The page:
UNDERSTANDING CATEGORY RATING SYSTEMS
As we have said before, category rating is brimming with opportunities for agency HR and managers to abuse the process. There are very few rules, and MSPB has consistently looked the other way so that there is no public hard data about just what agencies are doing. For those unfamiliar with Category Rating, it replaces ranking candidates by their numerical score in favor of putting them in one of two broadly defined qualification categories. Once they are placed, management has the ability to select anyone in the category, although veterans in the category usually must be considered before others in the category. Consequently, an applicant who might have otherwise been rated ten points below other candidates can get selected over them because there are no numerical scores. Given MSPB’s cowering, it falls to unions to challenge category rating selections when their members are passed over. OPM has posted some information about the concept in its archives. The FedSoup people also have a decent explanation of what category rating is about. And the law firm of Passman & Kaplan have posted material which could help union reps. But before you put together a plan, be sure to read a journal article published by Xavier University that looks beyond all the OPM PR blather about how great this is to reveal its fundamental flaws. Here are some things we would build into our plan:
1. Ask the agency to give the union a list of which selection actions in the last six months used category rating and the results of the action, e.g., was a non-unit person selected over a unit employee.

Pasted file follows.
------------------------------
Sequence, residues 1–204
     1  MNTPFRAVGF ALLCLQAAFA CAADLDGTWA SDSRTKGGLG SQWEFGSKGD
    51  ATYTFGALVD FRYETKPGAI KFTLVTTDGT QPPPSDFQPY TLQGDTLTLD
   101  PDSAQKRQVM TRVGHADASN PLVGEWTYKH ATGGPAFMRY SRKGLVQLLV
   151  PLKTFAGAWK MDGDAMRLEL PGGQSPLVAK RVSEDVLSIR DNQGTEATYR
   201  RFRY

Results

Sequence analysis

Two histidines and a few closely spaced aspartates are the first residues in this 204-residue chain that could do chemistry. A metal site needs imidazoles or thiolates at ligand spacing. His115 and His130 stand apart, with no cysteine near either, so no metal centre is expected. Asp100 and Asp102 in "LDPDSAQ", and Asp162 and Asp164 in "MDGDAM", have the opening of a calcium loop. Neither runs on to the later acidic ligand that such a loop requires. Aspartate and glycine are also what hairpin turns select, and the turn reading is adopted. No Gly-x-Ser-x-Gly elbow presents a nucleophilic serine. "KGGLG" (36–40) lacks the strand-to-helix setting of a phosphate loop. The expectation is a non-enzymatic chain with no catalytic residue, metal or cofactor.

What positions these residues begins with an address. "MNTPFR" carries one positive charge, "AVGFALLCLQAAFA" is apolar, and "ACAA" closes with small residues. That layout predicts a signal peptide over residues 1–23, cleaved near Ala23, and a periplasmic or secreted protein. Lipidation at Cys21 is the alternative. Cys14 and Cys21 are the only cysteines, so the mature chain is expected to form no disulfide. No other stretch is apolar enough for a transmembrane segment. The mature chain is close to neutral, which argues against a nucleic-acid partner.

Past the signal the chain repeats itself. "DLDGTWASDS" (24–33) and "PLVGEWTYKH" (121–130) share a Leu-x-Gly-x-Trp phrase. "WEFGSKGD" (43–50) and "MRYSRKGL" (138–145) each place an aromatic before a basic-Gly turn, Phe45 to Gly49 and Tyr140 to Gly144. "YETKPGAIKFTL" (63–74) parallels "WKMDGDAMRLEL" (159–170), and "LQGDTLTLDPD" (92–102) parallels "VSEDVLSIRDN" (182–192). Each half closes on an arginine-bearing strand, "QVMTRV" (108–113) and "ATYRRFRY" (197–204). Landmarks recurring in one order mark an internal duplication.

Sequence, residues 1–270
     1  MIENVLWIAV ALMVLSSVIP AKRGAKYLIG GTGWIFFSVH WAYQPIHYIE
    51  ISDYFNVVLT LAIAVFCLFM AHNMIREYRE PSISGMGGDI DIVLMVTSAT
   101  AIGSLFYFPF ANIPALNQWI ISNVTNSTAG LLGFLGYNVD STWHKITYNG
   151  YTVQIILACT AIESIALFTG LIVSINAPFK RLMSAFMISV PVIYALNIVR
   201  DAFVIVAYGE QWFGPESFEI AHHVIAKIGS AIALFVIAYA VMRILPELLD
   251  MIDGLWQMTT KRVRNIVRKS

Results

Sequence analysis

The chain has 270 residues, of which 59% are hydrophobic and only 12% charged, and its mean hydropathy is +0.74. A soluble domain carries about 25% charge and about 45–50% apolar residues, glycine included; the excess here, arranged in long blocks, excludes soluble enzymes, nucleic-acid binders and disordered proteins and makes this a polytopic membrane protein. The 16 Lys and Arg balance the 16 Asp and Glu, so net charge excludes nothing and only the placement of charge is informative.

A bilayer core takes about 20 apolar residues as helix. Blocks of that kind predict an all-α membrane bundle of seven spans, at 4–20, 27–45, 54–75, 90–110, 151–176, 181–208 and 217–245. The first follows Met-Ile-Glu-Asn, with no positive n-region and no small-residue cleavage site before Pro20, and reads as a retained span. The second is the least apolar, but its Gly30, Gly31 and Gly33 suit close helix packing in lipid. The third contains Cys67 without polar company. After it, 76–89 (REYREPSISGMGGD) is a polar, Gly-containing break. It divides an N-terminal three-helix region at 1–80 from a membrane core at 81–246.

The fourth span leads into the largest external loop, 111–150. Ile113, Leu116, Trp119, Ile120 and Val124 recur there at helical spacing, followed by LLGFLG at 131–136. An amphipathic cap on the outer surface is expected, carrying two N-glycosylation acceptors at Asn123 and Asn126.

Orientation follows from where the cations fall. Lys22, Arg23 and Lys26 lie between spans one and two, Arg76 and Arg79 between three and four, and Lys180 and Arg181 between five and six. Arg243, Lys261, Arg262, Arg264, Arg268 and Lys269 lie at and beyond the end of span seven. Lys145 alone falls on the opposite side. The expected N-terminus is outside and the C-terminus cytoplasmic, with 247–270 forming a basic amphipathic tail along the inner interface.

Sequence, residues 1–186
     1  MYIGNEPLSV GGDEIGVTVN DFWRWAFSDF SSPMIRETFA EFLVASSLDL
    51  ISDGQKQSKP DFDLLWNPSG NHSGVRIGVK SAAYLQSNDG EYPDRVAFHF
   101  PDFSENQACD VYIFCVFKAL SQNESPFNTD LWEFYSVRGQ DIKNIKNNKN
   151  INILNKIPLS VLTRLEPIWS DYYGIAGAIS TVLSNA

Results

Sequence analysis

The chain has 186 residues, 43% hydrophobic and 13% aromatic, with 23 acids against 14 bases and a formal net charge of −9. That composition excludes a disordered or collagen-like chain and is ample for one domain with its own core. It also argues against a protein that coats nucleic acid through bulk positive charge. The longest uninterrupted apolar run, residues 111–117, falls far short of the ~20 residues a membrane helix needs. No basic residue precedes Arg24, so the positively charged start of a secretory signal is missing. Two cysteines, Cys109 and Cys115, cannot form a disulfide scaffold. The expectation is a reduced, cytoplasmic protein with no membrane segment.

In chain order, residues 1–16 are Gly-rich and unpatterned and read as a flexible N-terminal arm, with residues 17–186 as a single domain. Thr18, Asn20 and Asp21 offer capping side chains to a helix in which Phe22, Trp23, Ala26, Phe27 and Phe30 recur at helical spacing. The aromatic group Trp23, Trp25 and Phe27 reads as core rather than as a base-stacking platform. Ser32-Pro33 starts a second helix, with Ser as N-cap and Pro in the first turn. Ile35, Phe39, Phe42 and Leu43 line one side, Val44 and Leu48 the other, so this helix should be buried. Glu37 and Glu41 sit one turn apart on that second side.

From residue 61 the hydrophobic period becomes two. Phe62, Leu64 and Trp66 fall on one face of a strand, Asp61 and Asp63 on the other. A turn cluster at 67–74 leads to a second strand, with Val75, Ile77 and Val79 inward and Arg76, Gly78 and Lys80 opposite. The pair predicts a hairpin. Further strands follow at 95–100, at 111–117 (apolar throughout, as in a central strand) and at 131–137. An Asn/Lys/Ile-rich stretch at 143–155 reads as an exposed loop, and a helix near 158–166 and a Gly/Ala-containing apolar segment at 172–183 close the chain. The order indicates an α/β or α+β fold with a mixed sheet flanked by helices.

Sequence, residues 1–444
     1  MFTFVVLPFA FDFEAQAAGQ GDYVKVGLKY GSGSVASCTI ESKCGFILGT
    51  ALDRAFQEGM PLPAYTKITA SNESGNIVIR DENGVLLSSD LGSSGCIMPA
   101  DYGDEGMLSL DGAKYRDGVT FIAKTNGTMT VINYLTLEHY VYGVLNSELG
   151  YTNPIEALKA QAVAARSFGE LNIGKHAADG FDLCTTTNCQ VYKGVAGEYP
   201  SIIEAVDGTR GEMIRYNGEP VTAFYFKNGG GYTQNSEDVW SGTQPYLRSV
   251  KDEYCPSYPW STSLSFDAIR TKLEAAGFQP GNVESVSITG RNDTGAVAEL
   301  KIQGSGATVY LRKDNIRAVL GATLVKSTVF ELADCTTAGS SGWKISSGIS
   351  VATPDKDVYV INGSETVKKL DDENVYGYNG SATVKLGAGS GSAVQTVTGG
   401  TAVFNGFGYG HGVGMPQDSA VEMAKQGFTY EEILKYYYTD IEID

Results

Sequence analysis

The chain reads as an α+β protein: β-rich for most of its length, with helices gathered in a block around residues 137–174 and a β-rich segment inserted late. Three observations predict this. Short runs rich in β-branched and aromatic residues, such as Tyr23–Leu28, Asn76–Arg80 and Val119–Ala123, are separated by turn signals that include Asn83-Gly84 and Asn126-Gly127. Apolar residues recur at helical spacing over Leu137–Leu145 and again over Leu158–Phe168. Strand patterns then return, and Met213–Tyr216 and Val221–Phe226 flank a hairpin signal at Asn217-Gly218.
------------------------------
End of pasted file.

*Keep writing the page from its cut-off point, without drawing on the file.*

2. Where a nonunit person was selected over a unit applicant, the union should probe deeper, e.g., ask to see the application and rating documents to see how they compared.as well as any regulations, advice, etc. If a passed over unit employee was plainly superior to the selectee, then consider attacking the category rating process used, e.g., does it comply with the requirements of 5 CFR 300,which demands an underlying job analysis supporting the validity of the category definitions chosen, the evidence considered proof of meeting a category definition, etc.
3. Even if a unit employee was selected you can ask to see how applicants did by race, gender, national origin, age, etc. If you can find that the category rating process had a substantially more adverse impact on a protected class of applicants you might have a systemic disparate treatment or disparate impact case.
Expect the agencies to resist disclosing any details about a category rating system. Be prepared to deal with them just like you would a request to see a crediting plan.